What is this case about?
The lawsuit claims the Government of Canada improperly subjected inmates to Administrative Segregation and that these inmates were treated improperly by Correctional Services of Canada staff. The lawsuit claims that these people were unduly emotionally, physically, and psychologically traumatized by their experiences at the Federal Penitentiaries. The Government of Canada denies these claims. The Court has not decided whether the Class or Canada is right. The lawyers for the Class will have to prove their claims in Court.
Who is included?
The Class includes:
All persons, except Excluded Persons, as defined below, who were involuntarily subjected to a period of Prolonged Administrative Segregation, as defined below, at a Federal Institution, as defined below, between November 1, 1992 and the present, and were alive as of March 3, 2015.
“Excluded Persons" are defined as
All offenders incarcerated at a Federal Institution who were diagnosed by a medical doctor with an Axis I Disorder (excluding substance abuse disorders), or Borderline Personality Disorder, who suffered from their disorder in a manner described in Appendix "A", and reported such during their incarceration, where the diagnosis by a medical doctor occurred either before or during incarceration in a federal institution and the offenders were incarcerated between November 1, 1992 and the present and were alive as of July 20, 2013 and
All persons who were involuntarily subjected to Prolonged Administrative Segregation, as defined below, only at a Federal Institution situated in the Province of Quebec after February 24, 2013. Persons who were involuntarily subjected to Prolonged Administrative Segregation at Federal Institutions situated in Quebec and another Canadian province, or at a Federal Institution situated in Quebec prior to February 24, 2013, are not Excluded Persons.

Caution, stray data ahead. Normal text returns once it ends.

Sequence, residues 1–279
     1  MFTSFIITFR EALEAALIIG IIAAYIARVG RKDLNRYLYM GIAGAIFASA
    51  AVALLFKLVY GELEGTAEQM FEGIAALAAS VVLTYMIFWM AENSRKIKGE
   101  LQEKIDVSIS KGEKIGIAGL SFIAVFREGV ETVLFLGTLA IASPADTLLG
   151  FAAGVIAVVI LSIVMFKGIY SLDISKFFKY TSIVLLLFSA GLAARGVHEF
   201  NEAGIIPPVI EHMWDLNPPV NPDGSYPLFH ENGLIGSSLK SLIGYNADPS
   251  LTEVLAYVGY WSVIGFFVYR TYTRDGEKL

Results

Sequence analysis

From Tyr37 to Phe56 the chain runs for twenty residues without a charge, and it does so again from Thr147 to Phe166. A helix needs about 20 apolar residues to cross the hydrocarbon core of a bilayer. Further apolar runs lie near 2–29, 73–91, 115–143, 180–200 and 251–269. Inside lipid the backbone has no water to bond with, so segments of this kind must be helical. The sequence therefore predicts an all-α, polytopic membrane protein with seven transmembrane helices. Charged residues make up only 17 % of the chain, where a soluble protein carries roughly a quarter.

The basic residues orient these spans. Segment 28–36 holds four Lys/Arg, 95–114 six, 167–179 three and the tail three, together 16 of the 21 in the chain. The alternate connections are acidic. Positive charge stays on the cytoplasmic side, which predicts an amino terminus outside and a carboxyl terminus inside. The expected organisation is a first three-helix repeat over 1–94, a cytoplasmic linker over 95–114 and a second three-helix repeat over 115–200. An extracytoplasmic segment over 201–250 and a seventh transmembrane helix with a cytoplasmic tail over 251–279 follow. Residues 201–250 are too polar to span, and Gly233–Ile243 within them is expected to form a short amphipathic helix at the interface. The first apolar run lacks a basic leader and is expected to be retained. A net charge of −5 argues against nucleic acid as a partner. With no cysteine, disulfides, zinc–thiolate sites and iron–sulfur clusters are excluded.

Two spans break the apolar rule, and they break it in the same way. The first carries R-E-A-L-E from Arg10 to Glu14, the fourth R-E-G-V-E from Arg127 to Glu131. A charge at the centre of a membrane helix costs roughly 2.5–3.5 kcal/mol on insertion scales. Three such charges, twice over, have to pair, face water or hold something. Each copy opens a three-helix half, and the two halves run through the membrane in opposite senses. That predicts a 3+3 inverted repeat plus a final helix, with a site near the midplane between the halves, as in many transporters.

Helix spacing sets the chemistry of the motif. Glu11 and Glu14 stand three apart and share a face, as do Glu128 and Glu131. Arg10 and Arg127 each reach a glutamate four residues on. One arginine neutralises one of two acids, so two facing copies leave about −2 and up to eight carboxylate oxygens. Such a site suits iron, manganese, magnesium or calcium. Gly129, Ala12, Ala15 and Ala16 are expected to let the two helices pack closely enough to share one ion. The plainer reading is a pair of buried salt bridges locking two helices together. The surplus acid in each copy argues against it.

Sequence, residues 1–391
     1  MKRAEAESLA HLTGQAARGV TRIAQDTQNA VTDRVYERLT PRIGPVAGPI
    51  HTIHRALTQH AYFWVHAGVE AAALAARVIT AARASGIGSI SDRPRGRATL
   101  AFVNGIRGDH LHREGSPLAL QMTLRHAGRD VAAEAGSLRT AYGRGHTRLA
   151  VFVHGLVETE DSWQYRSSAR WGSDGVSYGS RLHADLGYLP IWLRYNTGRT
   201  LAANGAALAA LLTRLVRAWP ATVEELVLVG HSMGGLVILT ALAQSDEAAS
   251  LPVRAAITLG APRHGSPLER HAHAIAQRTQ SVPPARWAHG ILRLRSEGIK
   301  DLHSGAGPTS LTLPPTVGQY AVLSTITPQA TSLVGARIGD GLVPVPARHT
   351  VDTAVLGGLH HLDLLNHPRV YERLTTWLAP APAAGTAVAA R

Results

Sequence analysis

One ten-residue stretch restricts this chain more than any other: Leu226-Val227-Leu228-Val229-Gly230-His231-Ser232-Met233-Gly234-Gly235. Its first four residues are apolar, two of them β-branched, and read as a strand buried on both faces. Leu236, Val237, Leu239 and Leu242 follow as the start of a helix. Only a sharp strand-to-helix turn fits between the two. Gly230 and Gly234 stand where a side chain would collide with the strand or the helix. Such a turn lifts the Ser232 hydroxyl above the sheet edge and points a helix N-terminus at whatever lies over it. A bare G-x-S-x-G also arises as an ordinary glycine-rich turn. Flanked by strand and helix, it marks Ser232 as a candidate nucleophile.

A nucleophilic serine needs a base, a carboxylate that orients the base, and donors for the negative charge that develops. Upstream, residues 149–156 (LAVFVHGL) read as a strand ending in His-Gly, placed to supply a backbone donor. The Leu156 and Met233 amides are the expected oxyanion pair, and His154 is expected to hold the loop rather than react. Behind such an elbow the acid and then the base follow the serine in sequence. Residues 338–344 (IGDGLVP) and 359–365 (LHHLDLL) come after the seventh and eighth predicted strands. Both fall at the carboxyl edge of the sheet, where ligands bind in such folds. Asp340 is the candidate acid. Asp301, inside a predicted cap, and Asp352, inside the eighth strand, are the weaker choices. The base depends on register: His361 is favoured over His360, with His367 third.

“Administrative Segregation” is defined as the practice of placing an inmate in a small cell and denying them any meaningful human contact for at least 22 hours a day, pursuant to sections 31 to 37 of the Corrections and Conditional Release Act, S.C. 1992, c. 20.
“Prolonged Administrative Segregation” is defined as the practice of subjecting an inmate to Administrative Segregation for a period of at least fifteen (15) consecutive days.
“Federal Institutions” are defined as the system of Federal correctional facilities across Canada that is administered by the Correctional Service of Canada, a Federal Government body.
Who represents the class?
The Court has appointed Koskie Minsky LLP and McCarthy Tétrault LLP to represent the Class as “Class Counsel”. You don’t have to pay Class Counsel, or anyone else, to participate. Instead, if they get money or benefits for the Class, they may ask for lawyers’ fees and costs, which would either be deducted from any money obtained or be paid separately by Canada. You may hire your own lawyer to appear for you, but if you do, you may have to pay that lawyer.
What are your options?
Stay in the Class: To stay in the Class, you do not have to do anything. If money or benefits are obtained, you will be notified about how to ask for a share. You will be legally bound by all orders and judgments, and you will not be able to sue Canada about the legal claims in this case.
Staying in this Class will not impact the residence or supports received by class members from community based agencies which are funded by any government.
Get out of the Class: If you want to keep your rights to sue Canada individually over the claims in this case you need to remove yourself by sending a letter or an Opt Out form to the Administrator postmarked no later than September 19, 2018. If you remove yourself, you cannot get money or benefits from this lawsuit if any are awarded. For more information about removing yourself, or opting out, click here.
How can I get more information?
Go to www.federaladministrativesegregationclassaction.ca, call toll free 1-833-430-7536 (TTY: 1-877-627-7027) or write to:
Federal Administrative Segregation Class Action Administrator
3-505, 133 Weber St N
Waterloo ON N2J 3G9
Or by email at: email@example.com